Landscape with Saint Jerome1516 - 1517. Oil on panel, 74 x 91 cm.
Patinir shows St Jerome sitting inside the wooden shack that leans against the rocks in the foreground. As with the Landscape with the Martyrdom of St Catherine in Vienna (Kunsthistorisches Museum), the painter here raises the line of the horizon, leading to an increase in the space devoted to the landscape and the consequent reduction of the sky (although this has been cut down still further, it should be recalled, by the disappearance of the curved upper portion of the picture). Patinir may have taken his inspiration for the features of the landscape from Namur, since the bare outcrops of jagged rock are reminiscent of that region. The position occupied by the saint on the left of the panel, together with the rocky outcrops, make this the most dynamically balanced of the painter`s works. It is divided into two parts. On the left and in the foreground to the right is the solitude of nature, representative of the desert to which St Jerome has retired. Further towards the background in the centre and on the right is everyday, earthly activity.
In the Prado picture, he developed the model which had been used by the first Flemish painters of the fifteenth century, from Rogier van der Weyden to Memling, which shows the saint extracting the thorn from the lion`s foot in a cave amidst the solitude of nature. In this way, Patinir incorporated the apocryphal passage on the saint`s life in Jacobus De Voragine`s Golden Legend, who situates this episode outside the monastery of Bethlehem in the presence of the friars, and not when St Jerome is on his own as in the Prado panel. In this, the artist follows both Weyden and Memling, but he departs from them in showing the lion with its mouth open, roaring in pain. If Patinir`s St Jerome at the Prado is compared with the works of the painters who preceded him in following this type of iconography, it can be seen that he stood apart from tradition not only in the absolute prominence accorded to the landscape over the figures, but also in the fact that the saint is not dressed as a cardinal, nor does he have the robes and hat of the cardinalate next to him. Another novelty aspect of the Prado St Jerome, apparently traditional, is the inclusion of the skull resting against the rock next to the cross, since this memento mori of Italian origin joined the saint`s iconography when he was represented in his study, the first to do so in Northern painting being Albrecht Durer in his 1514 engraving of St Jerome, one of his Meisterstiche. As he did in his other versions of St Jerome`s penitence in the desert, save for the Karlsruhe panel, Patinir incorporates passages from the story of the lion in Jacobus de Voragine`s Golden Legend, which he distributes around various areas of the picture. Nearly in the centre of the composition, to the right of the rock against which the saint`s shack is leaning, the ass is seen carrying wood in the middle ground. In the company of a monk, it is on its way up to the monastery on the other side. There too is the caravan of camels, shown twice. In accordance with the innovative character of the motifs introduced by Patinir, the Prado panel also includes another passage of the story of the lion as related by Voragine. When the stolen ass is recognized, the lion runs to rejoin it, and the ass does likewise, ignoring its rider and nearly throwing him off.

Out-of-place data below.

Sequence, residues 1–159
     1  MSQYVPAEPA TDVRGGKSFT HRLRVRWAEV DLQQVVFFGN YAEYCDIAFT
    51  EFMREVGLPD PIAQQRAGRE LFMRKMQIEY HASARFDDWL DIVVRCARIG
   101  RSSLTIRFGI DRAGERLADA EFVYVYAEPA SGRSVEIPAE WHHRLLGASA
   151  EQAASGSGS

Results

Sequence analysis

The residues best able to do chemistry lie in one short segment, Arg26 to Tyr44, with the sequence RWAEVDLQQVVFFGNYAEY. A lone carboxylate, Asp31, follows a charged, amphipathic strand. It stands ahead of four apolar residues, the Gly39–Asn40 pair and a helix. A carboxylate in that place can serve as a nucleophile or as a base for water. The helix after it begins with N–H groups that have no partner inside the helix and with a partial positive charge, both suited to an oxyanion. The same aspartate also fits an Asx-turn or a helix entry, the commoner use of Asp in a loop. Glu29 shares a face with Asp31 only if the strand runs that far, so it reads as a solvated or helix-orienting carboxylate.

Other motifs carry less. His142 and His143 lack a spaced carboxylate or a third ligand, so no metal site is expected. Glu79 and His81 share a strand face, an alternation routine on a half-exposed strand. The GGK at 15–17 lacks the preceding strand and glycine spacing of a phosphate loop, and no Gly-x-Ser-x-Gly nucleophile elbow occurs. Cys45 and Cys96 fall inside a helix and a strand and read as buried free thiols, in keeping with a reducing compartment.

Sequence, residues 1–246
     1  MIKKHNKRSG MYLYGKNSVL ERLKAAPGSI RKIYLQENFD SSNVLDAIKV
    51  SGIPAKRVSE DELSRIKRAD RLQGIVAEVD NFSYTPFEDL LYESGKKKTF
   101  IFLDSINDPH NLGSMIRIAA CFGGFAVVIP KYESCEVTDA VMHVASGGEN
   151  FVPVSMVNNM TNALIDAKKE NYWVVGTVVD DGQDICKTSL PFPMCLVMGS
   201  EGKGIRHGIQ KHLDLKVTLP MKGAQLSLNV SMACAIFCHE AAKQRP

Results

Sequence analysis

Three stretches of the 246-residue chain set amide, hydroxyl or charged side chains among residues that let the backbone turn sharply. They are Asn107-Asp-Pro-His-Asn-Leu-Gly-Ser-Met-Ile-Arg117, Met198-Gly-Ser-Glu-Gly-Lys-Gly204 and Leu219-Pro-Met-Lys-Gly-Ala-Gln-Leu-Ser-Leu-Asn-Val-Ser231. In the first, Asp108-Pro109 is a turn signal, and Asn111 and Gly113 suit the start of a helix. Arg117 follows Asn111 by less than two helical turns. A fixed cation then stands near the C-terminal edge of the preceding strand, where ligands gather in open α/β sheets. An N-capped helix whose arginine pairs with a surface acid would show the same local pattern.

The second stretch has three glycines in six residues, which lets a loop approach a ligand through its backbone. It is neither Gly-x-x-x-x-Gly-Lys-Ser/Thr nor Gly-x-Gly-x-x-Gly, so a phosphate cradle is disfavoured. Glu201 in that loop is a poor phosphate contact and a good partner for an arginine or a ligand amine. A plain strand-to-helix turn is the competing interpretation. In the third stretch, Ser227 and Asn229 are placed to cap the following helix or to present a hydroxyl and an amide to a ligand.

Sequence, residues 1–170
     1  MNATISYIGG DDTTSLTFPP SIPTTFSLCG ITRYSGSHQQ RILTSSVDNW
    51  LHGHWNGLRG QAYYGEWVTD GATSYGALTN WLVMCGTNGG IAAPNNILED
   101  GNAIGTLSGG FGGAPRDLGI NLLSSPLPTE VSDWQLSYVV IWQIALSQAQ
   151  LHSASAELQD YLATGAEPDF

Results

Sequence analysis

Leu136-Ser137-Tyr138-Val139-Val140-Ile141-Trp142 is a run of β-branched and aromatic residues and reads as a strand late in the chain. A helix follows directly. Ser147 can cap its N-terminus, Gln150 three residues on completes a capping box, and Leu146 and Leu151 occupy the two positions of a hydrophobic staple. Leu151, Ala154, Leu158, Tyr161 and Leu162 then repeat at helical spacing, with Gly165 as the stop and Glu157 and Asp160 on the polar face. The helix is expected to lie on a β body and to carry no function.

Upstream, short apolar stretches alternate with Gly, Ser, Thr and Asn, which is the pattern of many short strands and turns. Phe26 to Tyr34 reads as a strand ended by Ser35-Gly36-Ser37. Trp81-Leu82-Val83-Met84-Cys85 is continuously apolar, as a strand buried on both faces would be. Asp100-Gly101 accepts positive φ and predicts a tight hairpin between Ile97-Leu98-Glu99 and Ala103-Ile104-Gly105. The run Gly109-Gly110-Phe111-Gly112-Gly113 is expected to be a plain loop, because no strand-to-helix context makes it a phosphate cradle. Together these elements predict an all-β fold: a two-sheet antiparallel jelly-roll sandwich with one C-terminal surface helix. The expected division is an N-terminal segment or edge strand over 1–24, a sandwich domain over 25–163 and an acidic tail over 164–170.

The analysis of the underlying drawing with the multitude of changes made even at this stage of the creative process, though noticeable above all in the painting phase, allows us to corroborate that the Prado St Jerome was a prototype developed by Patinir on the basis of earlier experiments in the representation of the same subject. Although other artists may have collaborated on the figures in other works by Patinir, this is not the case in the Prado panel, where St Jerome displays the features regarded as typical of the painter and defined by Robert Koch in his monograph on the artist (Silva, P.: Patinir. Essays and critical catalogue, Museo Nacional del Prado, 2007, pp. 292-303).